IB Tauris, £25, 328pp. £22.50 from the Independent Bookshop: 08430 600 030

John Bright: Statesman, Orator, Agitator, By Bill Cash

 

The radical activist and politican John Bright (1811-1889) was a valiant man; valiant against established power, the power of land, together with its working partners: dear food, a minimal franchise and a diplomatic service that was "outdoor relief for the upper classes". The word "crusade" is used too lightly, but the Anti-Corn Law League of Bright and Richard Cobden was one. Landowners, enriched by the Napoleonic wars, had become comfortable with blockade prices, extended after Waterloo and endured by working families, especially in the wool, cotton, steel and engineering towns of the North.

Cobden and Bright, strategist and eloquent voice respectively, took to the road for vast meetings. Typically, in November 1845, they travelled 850 miles from Kent to inflame Reading, Liverpool, Bury, Oxford and Lancaster. Finall, the PM, Robert Peel, underwent rational conversion. They had beaten the landed interest which had commanded the service of government. Bread became cheap.

A new book on Bright is welcome, but Bill Cash MP makes an odd start. He tells us that "Bright is almost forgotten" and cites an American source dismissing "one of those innumerable earnest Victorians" whom we "can scarcely separate from the mass of his fellows". This is nonsense, parochial American nonsense at that. Among historians, David Brown's new life of Palmerston has 12 Bright references, Colin Matthew's Gladstone (stopping in 1876) 14, Robert Blake's Disraeli 19. If miserable repression in Ireland, the Crimean War, the second Reform Act and the future direction of the British Raj are matters for more than vague consciousness, Bright is not and will not be "almost forgotten".

Cash, who has worked hard, done solid reading and clearly reveres John Bright, has produced a thoughtful, intelligent book. But he starts from the wrong place for getting him right. Essentially, he wants Bright for the Tory camp. The great wrongs against which he campaigned were of course, very bad, but old England, sound at heart under Tory or patriotic Liberal leadership, would be equal to them. Bright's role was that of corrective irritant within the system which, in a splendid English way, responded and adjusted: a back-formation and rationalisation of retreat, if ever there was!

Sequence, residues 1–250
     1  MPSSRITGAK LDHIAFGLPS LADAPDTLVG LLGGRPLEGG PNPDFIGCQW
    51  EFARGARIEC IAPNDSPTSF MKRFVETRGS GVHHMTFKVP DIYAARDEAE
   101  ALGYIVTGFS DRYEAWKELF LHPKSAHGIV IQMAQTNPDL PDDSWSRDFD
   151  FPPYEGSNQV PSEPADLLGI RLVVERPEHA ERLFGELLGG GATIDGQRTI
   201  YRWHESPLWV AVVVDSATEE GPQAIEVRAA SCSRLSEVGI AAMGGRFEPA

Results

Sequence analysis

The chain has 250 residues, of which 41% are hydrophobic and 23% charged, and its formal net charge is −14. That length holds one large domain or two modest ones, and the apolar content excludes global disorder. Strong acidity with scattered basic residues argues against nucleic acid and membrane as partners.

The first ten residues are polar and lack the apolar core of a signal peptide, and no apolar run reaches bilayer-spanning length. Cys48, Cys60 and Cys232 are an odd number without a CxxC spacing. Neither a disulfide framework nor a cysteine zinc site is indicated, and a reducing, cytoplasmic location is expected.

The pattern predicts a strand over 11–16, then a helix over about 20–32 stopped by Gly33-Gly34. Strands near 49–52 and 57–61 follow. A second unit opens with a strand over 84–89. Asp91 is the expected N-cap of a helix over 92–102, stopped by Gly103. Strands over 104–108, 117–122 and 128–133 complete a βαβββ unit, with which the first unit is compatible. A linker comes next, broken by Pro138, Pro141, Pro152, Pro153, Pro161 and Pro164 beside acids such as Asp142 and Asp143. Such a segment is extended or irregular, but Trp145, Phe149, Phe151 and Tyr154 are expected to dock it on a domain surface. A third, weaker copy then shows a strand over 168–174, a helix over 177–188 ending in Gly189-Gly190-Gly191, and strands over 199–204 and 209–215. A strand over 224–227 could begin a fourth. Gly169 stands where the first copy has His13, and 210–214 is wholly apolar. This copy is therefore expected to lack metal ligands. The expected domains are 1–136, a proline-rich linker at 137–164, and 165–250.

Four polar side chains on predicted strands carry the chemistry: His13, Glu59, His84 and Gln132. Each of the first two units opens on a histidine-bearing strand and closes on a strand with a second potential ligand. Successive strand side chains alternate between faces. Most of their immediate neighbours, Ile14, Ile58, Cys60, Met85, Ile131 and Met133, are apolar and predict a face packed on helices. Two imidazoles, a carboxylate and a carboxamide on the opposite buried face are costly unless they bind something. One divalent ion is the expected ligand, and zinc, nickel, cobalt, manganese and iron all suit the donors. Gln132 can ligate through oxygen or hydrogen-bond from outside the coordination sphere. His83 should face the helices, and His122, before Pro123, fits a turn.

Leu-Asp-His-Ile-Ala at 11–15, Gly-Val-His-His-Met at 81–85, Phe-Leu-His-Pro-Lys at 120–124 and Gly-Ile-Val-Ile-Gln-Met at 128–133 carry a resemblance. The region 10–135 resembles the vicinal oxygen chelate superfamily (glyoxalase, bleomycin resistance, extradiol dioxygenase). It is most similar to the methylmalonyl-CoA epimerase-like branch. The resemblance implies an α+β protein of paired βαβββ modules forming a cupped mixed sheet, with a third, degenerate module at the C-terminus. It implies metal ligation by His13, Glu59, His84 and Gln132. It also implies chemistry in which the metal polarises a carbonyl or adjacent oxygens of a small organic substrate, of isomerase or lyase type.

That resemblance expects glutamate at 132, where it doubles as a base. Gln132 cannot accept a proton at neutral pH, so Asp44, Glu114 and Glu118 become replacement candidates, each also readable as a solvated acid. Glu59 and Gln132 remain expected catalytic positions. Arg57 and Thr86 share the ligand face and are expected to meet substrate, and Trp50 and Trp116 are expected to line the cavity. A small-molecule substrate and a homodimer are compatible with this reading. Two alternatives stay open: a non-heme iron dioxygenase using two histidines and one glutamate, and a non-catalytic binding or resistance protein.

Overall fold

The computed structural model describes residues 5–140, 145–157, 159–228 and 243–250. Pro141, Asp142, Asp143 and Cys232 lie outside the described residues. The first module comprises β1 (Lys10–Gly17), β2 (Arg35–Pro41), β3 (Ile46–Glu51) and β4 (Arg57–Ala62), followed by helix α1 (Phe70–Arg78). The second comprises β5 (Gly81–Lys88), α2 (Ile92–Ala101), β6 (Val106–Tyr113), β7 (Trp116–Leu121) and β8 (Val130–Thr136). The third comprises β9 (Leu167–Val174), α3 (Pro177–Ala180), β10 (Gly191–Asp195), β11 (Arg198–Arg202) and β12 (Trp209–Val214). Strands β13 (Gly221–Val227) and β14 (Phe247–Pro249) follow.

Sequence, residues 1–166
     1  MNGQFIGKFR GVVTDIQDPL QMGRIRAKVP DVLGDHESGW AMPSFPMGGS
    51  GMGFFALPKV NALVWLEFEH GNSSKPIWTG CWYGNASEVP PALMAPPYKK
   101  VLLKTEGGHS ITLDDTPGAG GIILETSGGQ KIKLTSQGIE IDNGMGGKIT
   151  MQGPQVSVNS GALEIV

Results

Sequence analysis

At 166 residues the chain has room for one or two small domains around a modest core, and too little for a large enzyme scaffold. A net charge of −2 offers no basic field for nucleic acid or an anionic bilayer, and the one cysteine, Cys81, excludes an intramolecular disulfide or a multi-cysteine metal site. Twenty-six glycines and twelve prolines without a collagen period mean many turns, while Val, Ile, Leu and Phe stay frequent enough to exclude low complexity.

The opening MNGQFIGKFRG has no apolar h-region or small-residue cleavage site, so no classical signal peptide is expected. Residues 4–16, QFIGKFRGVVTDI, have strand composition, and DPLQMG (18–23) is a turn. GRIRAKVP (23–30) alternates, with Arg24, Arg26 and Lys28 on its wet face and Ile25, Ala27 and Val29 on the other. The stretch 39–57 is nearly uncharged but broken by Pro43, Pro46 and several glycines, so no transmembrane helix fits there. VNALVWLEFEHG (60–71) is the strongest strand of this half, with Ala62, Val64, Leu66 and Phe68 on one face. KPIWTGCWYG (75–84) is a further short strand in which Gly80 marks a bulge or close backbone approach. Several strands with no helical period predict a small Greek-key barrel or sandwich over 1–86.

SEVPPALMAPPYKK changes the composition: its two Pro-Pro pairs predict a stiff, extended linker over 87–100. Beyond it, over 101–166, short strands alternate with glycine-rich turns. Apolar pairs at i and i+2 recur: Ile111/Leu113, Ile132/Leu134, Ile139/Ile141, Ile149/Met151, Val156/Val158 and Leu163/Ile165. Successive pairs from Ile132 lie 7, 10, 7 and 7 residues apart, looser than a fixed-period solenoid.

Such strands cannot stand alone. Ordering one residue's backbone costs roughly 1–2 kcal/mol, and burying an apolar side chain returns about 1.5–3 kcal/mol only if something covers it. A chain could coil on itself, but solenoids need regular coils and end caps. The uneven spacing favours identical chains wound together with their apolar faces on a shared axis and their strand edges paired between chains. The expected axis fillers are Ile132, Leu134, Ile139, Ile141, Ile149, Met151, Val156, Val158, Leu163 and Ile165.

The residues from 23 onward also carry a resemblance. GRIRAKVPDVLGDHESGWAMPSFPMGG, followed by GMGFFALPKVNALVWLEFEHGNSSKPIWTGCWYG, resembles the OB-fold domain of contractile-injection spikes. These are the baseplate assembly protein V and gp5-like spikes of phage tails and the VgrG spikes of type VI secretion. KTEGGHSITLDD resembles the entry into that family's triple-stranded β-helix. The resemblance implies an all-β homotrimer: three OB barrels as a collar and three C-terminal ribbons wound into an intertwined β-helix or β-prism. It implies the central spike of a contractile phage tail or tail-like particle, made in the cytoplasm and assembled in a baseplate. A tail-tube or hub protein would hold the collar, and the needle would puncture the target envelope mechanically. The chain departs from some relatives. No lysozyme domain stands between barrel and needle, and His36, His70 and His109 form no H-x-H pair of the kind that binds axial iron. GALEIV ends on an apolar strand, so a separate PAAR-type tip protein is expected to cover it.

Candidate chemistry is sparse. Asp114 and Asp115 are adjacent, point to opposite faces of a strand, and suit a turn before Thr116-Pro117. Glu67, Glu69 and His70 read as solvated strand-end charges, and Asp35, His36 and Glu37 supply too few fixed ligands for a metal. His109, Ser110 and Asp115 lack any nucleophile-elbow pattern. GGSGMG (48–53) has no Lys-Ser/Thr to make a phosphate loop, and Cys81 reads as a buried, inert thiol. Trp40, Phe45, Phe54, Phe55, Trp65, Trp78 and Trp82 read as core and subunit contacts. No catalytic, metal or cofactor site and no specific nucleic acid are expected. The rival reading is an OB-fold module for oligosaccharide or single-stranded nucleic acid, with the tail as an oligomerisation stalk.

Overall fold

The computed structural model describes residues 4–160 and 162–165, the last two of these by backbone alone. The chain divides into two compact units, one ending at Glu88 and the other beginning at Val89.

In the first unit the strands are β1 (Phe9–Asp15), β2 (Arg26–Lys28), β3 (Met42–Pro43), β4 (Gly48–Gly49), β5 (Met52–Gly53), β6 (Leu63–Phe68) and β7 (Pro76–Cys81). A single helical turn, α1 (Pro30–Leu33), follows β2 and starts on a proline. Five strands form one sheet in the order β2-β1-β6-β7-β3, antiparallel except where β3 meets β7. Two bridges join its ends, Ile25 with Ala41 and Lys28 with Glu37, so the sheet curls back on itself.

We get very little here of the rage, dumb greed and towering imperception with which mainstream Conservatism greeted Bright. The book misses the easy chance of being the exciting read Bright's life was. Hansard is online, the contemporary fulminating press available in research libraries. They make vivid reading, but do the soothing notion of a thoughtful Establishment response no favours.

This projection of essential decency at the British top shows up grievously over India. Bright, consistent advocate of reform and devolution, had a vision of an Indian India. Cash sees him as someone whose radical approach, though running ahead, reflected a wider governmental response to Indian emergence into nationhood.

He finds a useful link in the great wielder of colonial power, James FitzJames Stephen. In India, "Stephen like Bright, believed in temporary British rule geared to the interests of the governed." He did? Listen to Bright on Empire: "an absolute government founded not on consent but on conquest... implying at every point the superiority of the conquering race".

When, late in life, Bright's judgment did fail, over Irish Home Rule, Cash grows ardent. Almost, he murmurs, Bright was becoming a Tory. The old radical had "put patriotism and the sovereignty of Westminster ahead of his party".

No: he had fallen in with Joseph Chamberlain, enraged with, and envious of Gladstone, and also resentfully under-promoted. Bright was blind to Gladstone's understanding that only the most generous policy, with the Nationalist leader Parnell as full partner, would set Ireland and England (as Victorian Tories called it) on a sane course. Home Rule would certainly have prevented the blood and humiliation of 1922. Patriotism and the sovereignty of Westminster did for the Union.

Bright got that wrong, but he had got so much right. This grave Quaker gave the word "Dissent" a new, grand dimension. He had apostrophised the Crimean War with the Angel of Death. The Crimean dead anticipated those of the Somme. Bright speaks today for all opponents of the wars called up by patriotism.

Edward Pearce's 'Pitt the Elder: Man of War' is published by Pimlico

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